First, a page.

racing hard also provides the reader, if not the author, with the opportunity to exercise their honours degree in hindsight. many of the articles can only be truly judged in such an historical context, where the reader can be convinced of their full awareness of the situation at the time. there are few for whom that will be true. and it is here that another pointed aspect of william fotheringham's perspicacity can be applauded, for rare is the occasion when he has allowed himself to be fooled by an all but unbelivevable performance. he may not requite that he was as astonished and laudatory as the rest of us, but nor does he directly and bluntly infer that dodgy dealings may have been afoot.
in a diary entry for the observer while following the 2007 tour, he remarks that alexander vinokourov had not only commenced working with lance armstrong's former trainer, but has hired bodyguard, serge borlee and his old chef willy balmat. "It is tempting to chant "Are you Armstrong in disguise?". his footnote to the entry continues 'There was a double entendre here, which I hoped the reader would pick up. Vino was done for blood doping 10 days later.'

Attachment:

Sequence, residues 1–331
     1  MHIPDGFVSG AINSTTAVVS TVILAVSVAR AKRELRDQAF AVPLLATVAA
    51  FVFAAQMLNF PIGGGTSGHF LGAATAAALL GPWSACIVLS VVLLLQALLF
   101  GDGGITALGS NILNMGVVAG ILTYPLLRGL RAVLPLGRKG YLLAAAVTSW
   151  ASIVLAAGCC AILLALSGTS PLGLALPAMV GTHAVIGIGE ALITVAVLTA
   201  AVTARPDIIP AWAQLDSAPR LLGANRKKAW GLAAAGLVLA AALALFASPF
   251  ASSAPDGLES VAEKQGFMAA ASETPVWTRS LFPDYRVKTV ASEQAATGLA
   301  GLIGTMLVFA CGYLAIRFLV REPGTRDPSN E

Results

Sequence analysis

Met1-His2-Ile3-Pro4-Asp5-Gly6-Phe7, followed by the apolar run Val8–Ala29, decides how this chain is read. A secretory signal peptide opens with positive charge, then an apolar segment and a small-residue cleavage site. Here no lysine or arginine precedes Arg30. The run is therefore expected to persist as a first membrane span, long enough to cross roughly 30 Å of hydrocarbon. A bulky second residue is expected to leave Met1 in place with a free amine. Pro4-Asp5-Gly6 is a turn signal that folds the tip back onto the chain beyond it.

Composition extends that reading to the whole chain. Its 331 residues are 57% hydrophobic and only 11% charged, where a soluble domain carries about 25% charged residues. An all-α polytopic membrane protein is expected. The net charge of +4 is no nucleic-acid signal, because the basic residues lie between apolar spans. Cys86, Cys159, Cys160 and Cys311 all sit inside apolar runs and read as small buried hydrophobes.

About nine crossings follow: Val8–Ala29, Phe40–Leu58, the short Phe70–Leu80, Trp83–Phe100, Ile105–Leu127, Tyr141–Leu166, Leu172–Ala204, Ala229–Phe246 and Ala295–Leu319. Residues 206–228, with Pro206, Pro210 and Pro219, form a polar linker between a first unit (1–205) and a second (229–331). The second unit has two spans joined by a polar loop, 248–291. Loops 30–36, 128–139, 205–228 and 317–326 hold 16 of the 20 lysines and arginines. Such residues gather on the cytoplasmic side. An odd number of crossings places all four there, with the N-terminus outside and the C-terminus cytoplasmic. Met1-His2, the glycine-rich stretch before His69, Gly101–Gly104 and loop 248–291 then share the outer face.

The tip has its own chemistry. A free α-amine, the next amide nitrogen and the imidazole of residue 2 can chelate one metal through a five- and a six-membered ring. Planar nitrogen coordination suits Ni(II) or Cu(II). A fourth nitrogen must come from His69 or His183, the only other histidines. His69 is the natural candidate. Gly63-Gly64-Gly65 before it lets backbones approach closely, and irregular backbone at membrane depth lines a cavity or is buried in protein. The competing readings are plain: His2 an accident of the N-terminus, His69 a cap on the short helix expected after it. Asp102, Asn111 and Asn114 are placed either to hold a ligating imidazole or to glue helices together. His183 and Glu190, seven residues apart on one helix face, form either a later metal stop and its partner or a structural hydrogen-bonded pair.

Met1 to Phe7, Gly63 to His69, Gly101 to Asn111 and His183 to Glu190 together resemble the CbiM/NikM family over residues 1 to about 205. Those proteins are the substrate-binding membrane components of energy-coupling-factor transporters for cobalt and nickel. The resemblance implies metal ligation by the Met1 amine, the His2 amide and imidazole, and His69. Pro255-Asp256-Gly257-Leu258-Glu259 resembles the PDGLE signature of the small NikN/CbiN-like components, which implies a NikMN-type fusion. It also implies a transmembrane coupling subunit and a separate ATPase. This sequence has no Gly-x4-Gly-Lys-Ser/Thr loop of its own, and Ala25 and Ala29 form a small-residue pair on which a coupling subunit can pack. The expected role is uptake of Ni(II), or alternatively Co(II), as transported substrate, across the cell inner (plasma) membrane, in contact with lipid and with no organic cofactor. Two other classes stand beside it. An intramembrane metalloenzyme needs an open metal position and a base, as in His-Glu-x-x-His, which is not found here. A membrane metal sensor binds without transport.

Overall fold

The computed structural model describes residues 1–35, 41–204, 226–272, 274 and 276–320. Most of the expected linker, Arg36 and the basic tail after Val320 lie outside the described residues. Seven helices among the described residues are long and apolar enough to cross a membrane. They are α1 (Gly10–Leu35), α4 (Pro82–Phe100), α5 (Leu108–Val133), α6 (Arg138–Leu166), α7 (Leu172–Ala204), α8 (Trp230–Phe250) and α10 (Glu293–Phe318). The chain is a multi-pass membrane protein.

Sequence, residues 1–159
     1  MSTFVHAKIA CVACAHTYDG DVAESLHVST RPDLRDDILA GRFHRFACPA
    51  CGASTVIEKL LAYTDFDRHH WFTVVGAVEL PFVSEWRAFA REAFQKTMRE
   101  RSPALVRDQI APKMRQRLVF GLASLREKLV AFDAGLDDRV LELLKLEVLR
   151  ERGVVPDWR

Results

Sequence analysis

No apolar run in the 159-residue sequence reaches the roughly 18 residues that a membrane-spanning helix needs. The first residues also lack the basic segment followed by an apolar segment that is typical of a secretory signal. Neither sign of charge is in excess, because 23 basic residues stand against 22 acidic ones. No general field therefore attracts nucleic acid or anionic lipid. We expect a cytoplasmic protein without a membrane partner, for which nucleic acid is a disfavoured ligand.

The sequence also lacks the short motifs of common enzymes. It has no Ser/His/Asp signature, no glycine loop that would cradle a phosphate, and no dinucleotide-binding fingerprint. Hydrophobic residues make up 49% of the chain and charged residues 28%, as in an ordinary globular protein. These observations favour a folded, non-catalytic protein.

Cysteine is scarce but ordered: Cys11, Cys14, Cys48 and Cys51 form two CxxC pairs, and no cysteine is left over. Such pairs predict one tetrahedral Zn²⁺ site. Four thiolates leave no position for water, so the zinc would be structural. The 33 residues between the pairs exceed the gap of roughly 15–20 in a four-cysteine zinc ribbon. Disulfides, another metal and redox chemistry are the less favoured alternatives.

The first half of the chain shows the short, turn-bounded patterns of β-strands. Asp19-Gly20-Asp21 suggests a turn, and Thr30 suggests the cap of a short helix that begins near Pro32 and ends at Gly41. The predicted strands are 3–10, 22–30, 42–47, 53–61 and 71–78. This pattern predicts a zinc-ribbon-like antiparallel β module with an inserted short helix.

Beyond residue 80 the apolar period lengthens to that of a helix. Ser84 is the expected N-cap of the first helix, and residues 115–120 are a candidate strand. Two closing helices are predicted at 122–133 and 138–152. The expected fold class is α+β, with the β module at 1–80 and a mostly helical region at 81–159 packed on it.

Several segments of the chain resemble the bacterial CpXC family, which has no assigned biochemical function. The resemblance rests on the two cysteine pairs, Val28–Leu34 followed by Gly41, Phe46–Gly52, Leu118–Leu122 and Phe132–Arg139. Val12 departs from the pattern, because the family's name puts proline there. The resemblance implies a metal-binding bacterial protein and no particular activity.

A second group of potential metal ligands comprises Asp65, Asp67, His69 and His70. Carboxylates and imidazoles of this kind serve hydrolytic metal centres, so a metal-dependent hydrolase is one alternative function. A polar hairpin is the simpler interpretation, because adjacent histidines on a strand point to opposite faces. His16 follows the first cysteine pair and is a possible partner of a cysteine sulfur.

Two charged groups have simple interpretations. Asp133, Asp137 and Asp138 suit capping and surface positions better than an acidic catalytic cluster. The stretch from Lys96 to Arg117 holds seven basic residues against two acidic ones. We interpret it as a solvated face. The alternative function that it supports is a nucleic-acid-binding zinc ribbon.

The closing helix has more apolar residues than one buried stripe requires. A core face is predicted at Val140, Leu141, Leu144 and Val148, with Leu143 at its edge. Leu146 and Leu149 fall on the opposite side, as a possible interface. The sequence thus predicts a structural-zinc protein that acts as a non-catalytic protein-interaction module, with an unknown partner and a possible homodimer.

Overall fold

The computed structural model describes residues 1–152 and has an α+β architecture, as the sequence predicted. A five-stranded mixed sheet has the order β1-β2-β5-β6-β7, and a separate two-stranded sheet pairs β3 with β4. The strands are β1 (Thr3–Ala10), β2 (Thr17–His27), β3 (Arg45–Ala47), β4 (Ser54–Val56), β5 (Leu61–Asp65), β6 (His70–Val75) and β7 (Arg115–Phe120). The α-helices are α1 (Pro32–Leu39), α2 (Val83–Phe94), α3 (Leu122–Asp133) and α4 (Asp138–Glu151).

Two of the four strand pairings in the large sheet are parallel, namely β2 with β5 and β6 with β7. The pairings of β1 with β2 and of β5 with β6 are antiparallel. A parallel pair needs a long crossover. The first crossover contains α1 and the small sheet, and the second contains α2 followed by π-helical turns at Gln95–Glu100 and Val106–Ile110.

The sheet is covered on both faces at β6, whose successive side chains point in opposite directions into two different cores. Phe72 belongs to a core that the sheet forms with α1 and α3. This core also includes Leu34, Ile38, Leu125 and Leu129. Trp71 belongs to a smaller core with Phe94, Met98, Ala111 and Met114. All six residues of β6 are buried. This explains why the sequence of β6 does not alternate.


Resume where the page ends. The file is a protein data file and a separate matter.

the contents are, however, not solely concerned with the tour de france. fotheringham has paid due attention to the fortunes of britain's track riders over the years, not entirely unexpectedly since again in hindsight, it is they who laid the carpet for brailsford's success with team sky. the chapter entitled 'Great Britain - Atlanta to Athens' starts with the official opening of manchester's velodrome in 1994 and follows the increasing snowball of success that leads to a subsequent chapter Inside GB Cycling and onto Beijing in 2008.
as an historical note of the last twenty years across the upper reaches of professional cycling, it is unlikely that racing hard can be bettered, particularly concerning the rise and rise of british cycling across those two decades. though this year's tour de france reaches centenary celebrations, and doubtless influenced the use of yellow as the cover's primary hue, the principal pleasure to be gained from this volume is not only in ultimately making us feel good about our national selves, but as a lasting testament to the literary abilities of one of the world's finest cycling journalists and authors.
to place it in perhaps more contemporary language, consider it 'william fotheringham's greatest hits'